We've all been there. Forced to read (or at least SparkNotes) a Shakespearean play. Maybe watch the movie or go on a class field trip to see one of the plays performed live. Perhaps you enjoyed it or maybe you preferred to indulge in a contemporary retelling like pop culture favorite 10 Things I Hate About You with Julia Stiles, Heath Ledger (RIP) and cutie pie Joseph Gordon Levitt. No matter what, we've all had some exposure to Shakespeare throughout our lives. With graduation, I thought I was done, much preferring to spend my subway commute reading Kindle books in the historical fiction or home improvement genres. But, after reading an article in the New York Times, I think I may be ready to revisit the old Bard.
At the McKittrick Hotel in Chelsea, theater company Punchdrunk is retelling the tale of Macbeth, under the title Sleep No More. But they're not just new actors performing an old play; two things make their rendition unusual. First, the play is largely performed wordless because there's a lot of dancing. BUT what made me really want to check it out is that the performance progresses like a "Choose Your Own Adventure" book come to life; audience members don a mask and are then given the freedom of choosing which character to follow throughout the course of the play. Talk about audience engagement! How amazing it must be to be standing near the performers as the scene develops; smelling the sweat and perhaps even feeling their breath. It sounds voyeuristic in a way that completely intrigues me. I have a friend who spent FOUR hours wondering around, completely fascinated by the play's development.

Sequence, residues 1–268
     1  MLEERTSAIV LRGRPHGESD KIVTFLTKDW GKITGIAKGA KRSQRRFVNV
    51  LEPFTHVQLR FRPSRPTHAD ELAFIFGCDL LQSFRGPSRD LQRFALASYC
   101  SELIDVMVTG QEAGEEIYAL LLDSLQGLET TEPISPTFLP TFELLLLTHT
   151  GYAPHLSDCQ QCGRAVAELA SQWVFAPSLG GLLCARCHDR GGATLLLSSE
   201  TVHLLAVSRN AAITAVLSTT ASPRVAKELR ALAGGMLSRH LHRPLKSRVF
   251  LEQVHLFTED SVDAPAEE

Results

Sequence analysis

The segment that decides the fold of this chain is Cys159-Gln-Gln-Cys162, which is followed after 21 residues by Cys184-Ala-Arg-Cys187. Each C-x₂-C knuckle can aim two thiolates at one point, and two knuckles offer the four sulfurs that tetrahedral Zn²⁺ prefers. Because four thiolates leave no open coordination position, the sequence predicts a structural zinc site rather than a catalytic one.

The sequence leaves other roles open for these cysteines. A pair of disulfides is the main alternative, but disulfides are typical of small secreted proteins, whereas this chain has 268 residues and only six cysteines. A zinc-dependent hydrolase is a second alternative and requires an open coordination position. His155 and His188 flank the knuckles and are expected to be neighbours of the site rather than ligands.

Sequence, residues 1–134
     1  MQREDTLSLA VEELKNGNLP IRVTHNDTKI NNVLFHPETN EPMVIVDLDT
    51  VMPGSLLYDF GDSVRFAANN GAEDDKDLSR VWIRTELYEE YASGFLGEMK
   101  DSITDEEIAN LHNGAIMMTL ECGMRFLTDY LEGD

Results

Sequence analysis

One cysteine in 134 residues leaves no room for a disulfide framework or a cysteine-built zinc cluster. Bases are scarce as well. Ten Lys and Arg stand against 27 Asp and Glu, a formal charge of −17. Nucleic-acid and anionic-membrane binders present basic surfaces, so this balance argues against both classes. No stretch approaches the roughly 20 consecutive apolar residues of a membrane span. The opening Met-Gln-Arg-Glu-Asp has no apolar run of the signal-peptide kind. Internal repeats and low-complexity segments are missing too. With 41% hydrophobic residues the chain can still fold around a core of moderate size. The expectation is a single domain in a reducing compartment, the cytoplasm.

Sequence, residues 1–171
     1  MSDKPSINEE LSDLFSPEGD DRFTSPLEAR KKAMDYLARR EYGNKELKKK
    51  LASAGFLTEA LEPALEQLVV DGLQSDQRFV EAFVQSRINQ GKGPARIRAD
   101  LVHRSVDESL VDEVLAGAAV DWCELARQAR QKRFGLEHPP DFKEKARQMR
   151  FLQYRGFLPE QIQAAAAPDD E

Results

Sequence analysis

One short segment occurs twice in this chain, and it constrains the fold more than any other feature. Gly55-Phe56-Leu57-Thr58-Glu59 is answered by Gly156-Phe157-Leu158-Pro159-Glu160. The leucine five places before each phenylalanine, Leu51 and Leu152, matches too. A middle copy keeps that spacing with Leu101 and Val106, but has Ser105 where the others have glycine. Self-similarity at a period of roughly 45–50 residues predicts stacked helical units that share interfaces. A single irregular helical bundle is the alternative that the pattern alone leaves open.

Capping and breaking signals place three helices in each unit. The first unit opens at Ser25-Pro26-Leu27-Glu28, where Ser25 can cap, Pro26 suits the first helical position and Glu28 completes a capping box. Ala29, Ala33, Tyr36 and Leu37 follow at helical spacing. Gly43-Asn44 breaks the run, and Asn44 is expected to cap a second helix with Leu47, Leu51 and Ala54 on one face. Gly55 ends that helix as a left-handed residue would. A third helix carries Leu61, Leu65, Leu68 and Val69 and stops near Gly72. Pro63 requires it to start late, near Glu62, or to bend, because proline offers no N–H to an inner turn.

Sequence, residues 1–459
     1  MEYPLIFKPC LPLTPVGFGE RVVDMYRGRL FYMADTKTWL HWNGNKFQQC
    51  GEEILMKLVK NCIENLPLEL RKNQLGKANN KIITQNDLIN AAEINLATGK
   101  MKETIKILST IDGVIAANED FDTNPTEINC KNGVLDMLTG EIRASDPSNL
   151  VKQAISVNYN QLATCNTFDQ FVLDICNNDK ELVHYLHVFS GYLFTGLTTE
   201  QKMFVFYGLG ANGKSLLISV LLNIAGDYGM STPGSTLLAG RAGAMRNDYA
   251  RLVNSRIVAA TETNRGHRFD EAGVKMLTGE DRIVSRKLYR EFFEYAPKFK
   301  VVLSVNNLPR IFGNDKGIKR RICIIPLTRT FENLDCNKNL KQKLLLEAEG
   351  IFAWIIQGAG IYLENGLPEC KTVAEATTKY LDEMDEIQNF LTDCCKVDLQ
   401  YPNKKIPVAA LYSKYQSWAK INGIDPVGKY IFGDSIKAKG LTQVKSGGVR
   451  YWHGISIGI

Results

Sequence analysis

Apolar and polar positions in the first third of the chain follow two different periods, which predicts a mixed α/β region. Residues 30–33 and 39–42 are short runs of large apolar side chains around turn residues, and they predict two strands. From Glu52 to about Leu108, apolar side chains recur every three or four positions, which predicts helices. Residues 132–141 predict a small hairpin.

I'm curious about the adaptability of this idea to other, lesser known plays. I don't know about you, but I had to read MacBeth in high school (thanks, No Fear Shakespeare), watch the movie and then see it performed as well. So, I would be going into the performance already well informed of what the actors (dancers?) should be saying even when they're mute. Although I have preconceptions about the play, I am intrigued to the point that I'm considering buying a ticket. It's just a matter of what will nourish me more: art or food? What about you? Want to make plans to see that Scottish play this weekend? You can buy tickets here... and let me know if I'll see you there.